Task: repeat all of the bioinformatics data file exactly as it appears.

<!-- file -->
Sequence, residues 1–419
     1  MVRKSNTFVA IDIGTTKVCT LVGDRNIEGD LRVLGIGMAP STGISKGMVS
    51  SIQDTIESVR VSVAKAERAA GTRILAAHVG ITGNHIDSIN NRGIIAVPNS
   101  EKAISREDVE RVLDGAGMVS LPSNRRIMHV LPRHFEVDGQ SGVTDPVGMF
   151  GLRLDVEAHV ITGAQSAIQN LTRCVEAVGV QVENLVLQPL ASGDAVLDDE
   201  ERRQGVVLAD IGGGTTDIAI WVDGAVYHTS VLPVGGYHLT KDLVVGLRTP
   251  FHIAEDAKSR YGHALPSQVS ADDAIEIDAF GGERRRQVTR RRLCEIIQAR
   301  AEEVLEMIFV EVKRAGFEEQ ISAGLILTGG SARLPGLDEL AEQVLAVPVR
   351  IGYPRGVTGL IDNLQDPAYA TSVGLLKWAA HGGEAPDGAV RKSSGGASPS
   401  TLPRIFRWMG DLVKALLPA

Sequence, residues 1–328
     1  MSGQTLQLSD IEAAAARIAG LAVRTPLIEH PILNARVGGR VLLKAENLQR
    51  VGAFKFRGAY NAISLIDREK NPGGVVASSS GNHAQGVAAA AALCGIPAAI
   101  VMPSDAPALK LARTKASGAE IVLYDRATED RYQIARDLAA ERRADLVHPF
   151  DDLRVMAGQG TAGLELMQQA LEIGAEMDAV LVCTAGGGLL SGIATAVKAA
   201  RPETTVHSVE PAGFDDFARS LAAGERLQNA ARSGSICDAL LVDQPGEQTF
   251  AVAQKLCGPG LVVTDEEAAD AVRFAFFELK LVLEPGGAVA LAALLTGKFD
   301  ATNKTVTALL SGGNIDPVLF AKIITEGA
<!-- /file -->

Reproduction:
Sequence, residues 1–419
     1  MVRKSNTFVA IDIGTTKVCT LVGDRNIEGD LRVLGIGMAP STGISKGMVS
    51  SIQDTIESVR VSVAKAERAA GTRILAAHVG ITGNHIDSIN NRGIIAVPNS
   101  EKAISREDVE RVLDGAGMVS LPSNRRIMHV LPRHFEVDGQ SGVTDPVGMF
   151  GLRLDVEAHV ITGAQSAIQN LTRCVEAVGV QVENLVLQPL ASGDAVLDDE
   201  ERRQGVVLAD IGGGTTDIAI WVDGAVYHTS VLPVGGYHLT KDLVVGLRTP
   251  FHIAEDAKSR YGHALPSQVS ADDAIEIDAF GGERRRQVTR RRLCEIIQAR
   301  AEEVLEMIFV EVKRAGFEEQ ISAGLILTGG SARLPGLDEL AEQVLAVPVR
   351  IGYPRGVTGL IDNLQDPAYA TSVGLLKWAA HGGEAPDGAV RKSSGGASPS
   401  TLPRIFRWMG DLVKALLPA

Sequence, residues 1–328
     1  MSGQTLQLSD IEAAAARIAG LAVRTPLIEH PILNARVGGR VLLKAENLQR
    51  VGAFKFRGAY NAISLIDREK NPGGVVASSS GNHAQGVAAA AALCGIPAAI
   101  VMPSDAPALK LARTKASGAE IVLYDRATED RYQIARDLAA ERRADLVHPF
   151  DDLRVMAGQG TAGLELMQQA LEIGAEMDAV LVCTAGGGLL SGIATAVKAA
   201  RPETTVHSVE PAGFDDFARS LAAGERLQNA ARSGSICDAL LVDQPGEQTF
   251  AVAQKLCGPG LVVTDEEAAD AVRFAFFELK LVLEPGGAVA LAALLTGKFD
   301  ATNKTVTALL SGGNIDPVLF AKIITEGA